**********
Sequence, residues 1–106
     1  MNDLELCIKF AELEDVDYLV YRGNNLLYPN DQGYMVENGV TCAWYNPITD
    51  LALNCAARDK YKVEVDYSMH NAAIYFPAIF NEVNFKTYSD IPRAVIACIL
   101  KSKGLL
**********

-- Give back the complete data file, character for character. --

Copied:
Sequence, residues 1–106
     1  MNDLELCIKF AELEDVDYLV YRGNNLLYPN DQGYMVENGV TCAWYNPITD
    51  LALNCAARDK YKVEVDYSMH NAAIYFPAIF NEVNFKTYSD IPRAVIACIL
   101  KSKGLL